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Romeo and Juliet by Ford Maddox Brown (1870) [Source: Wikipedia]
05 Mar 2011

Roméo et Juliette, Philadelphia

Neither the music nor the libretto of Charles Gounod’s Roméo et Juliette is quite compelling enough to have made it a popular standard.

Charles Gounod: Roméo et Juliette

Romeo: Stephen Costello; Juliet: Ailyn Pérez; Mercutio: Marian Pop; Stéphano: Elena Belfiore; Capulet: Daniel Mobbs; Gertrude: Olivia Vote; Tybalt: Taylor Stayton; Duke of Verona: Frank Mitchell; Friar Laurent: Justin Hopkins; Gregario: Jeffrey Chapman; Paris: Siddartha Misra; Benvolio: Paul Vetrano. Opera Company of Philadelphia. Conductor: Jacques Lacombe. Director: Manfred Schweigkofler.

Above: Romeo and Juliet by Ford Maddox Brown (1870) [Source: Wikipedia]


Fifty years ago performances were heavily cut, as much of the music lacks dramatic punch. The idiomatic Italo-French performance style in which it was written has all but died out. Its libretto bowdlerizes Shakespeare.

Yet a number of memorable arias and duets—and the reflected glory of the Bard—have kept Roméo alive. It is, moreover, widely viewed an appropriate vehicle for young and visually appropriate singers with medium-weight voices—though perhaps wrongly, since the greatest Roméos have included Jean de Reszke, Georges Thill, Jussi Björling, and Franco Corelli. The opera is thus intermittently revived when fresh new talent is at hand.

Such was the case this month at the Philadelphia Opera, which cast Ailyn Pérez and Stephen Costello as the stat-crossed lovers. Pictures of the good-looking couple, shot at an all-day session last summer, made for effective publicity. Pérez and Costello were on the airwaves and web, recounting their story of having graduated from Philadelphia’s Academy of Vocal Arts and becoming real-life husband and wife in 2008. Both are rising quickly in the opera world. Costello will join Anna Netrebko and Elīna Garanča for his second opening night at the Met next fall. Pérez has been singing in Berlin, Vienna, London and La Scala.

This casting was evidently insufficient to assure a box-office hit, so the company imported producer Manfred Schweigkofler from Italy. His big concept was to reset the story as a modern-day haute couture battle between rival Capulet and Montague fashion houses. The idea is not as radical as it might sound. Modern Shakespeare adaptations are old hat after Baz Luhrmann’s diverting (if not deep) film Romeo+Juliet and the Shakespeare Retold version of Macbeth, with its warring chefs. Opera Company of Philadelphia has had good luck in the past with modernized productions, most notably its wonderfully whacky 1950s Cenerentola a few years back, which opened with Angelina pushing around a vacuum cleaner.

Some local critics were hostile. True, this Juliet was more Versace than virgin, the modern setting belied the Victorian-era text, and some subtleties of Gounod’s score were obscured by overly energetic stage activity. Yet I found the fashionista concept dramatically engaging. Why not portray Juliette as a teenage House of Capulet model, play her Dad as the head designer, center the Capulet party on a group of runway models parading new outfits, deliver the poison in a martini glass, let paparazzi swarm around the stage, stage fights with golf clubs not swords, and set paper boys loose through the audience delivering tragic news? Schweigkofler has, moreover, a keen sense of color and line; the set, designed by Nora Veneri, looked great, even if the stage business taking place on it could be cloying. The unit set was clearly built to be inexpensive. No doubt the production concept helped sell out the house, create buzz, and stimulate community involvement—since fashion students from three local universities designed outfits for the party aka runway show.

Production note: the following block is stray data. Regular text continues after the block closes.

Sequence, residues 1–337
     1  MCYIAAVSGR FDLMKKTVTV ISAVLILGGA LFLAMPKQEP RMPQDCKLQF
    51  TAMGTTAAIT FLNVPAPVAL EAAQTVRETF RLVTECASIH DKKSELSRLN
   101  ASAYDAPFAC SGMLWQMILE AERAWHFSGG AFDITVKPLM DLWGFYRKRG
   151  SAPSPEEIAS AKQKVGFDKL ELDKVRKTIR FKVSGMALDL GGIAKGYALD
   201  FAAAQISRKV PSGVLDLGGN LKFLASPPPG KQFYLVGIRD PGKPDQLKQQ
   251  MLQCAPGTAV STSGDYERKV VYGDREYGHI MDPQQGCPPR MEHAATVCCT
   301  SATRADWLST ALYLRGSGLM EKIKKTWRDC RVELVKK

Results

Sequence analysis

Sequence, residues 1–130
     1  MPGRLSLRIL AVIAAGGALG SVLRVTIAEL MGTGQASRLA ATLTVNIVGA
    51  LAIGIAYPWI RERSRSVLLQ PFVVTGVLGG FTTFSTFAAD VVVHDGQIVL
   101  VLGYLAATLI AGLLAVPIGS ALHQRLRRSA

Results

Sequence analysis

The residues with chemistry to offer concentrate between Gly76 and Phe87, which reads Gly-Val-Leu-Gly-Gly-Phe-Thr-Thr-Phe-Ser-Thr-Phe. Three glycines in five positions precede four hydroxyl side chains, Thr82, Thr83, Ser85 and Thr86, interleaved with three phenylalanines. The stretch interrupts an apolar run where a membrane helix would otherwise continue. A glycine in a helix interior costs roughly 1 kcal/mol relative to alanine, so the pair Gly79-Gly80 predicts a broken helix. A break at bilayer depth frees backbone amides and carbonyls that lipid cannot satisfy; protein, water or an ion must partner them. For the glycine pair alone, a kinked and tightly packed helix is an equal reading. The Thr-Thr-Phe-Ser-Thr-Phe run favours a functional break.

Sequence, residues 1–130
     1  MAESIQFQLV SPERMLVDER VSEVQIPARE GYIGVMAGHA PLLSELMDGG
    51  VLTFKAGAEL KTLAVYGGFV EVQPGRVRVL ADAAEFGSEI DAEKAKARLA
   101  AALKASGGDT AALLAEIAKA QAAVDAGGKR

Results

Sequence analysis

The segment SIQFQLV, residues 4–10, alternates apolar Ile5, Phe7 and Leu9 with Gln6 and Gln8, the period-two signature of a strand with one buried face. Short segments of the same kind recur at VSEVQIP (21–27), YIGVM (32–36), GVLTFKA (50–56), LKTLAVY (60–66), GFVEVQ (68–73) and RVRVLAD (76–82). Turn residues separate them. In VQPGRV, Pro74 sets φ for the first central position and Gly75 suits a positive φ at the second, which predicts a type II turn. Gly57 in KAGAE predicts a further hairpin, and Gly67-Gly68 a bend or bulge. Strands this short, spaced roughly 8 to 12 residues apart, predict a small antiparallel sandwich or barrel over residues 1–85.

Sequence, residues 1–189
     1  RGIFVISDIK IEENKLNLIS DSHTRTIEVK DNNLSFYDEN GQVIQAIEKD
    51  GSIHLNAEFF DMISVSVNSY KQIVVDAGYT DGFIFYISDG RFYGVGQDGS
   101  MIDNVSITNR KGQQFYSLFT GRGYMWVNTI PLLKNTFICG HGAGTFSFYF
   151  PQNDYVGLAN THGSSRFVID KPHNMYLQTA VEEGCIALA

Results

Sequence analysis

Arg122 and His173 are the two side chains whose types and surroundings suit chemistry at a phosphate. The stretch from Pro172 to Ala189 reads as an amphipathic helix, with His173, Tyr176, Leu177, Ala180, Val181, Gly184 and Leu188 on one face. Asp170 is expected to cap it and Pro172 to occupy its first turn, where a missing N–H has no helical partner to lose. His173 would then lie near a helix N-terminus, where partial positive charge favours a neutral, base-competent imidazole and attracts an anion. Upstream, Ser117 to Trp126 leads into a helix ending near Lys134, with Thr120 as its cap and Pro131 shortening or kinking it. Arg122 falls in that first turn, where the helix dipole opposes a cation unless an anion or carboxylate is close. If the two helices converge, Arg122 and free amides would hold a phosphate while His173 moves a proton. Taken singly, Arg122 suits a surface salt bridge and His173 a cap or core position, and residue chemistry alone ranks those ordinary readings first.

Yet in the end, of course, Roméo needs to sell itself on the singing of its leads. Both seemed to take a while to warm up, or simply felt more comfortable in later acts. Costello’s famous second-act aria, “Ah, lève-toi soleil!,” was short-breathed and dynamically imprecise. Thereafter he seemed to settle down, displaying more subtle dynamics and phrasing—though his timbre often retained a pressed, somewhat monochromatically metallic “young tenor” sound, with the (often conjoined) tendency to slide off pitch. There is little doubt, nonetheless, that this is an exceptional voice of real promise, with true Italianate virtues: squillo, ringing high notes, and some ability to mix head and chest tones. His French was adequate.

Pérez is the more energetic stage presence. As happens with many young sopranos, her voice is now moving beyond the lyric coloratura roles in which she has specialized to date. She was least comfortable in the famous Act I showpiece, but, like Costello, she seemed warm into the role thereafter. Like him, also, her voice can be cooler and more metallic than one might wish; I found the bottom of the voice more attractive. Yet there is little doubt that this is a gifted, smart and technically accomplished singer with a potentially important career ahead of her. The duets, as one might perhaps expect from a married couple, were well-rehearsed.

The other members of the ensemble were strong, particularly fellow AVA graduate Daniel Mobbs as Capulet, but also Romanian baritone Marian Pop, Italian mezzo Elena Belfiore, and three other young singers with Philadelphia connections: Olivia Vote, Taylor Strayton, and Justin Hopkins. The chorus sang lustily and the orchestra, a weak link in many Philadelphia performances, surpassed its usual standard under the unaccustomed baton of the New Jersey Symphony Orchestra’s new Music Director, Jacques Lacombe.

Andrew Moravcsik

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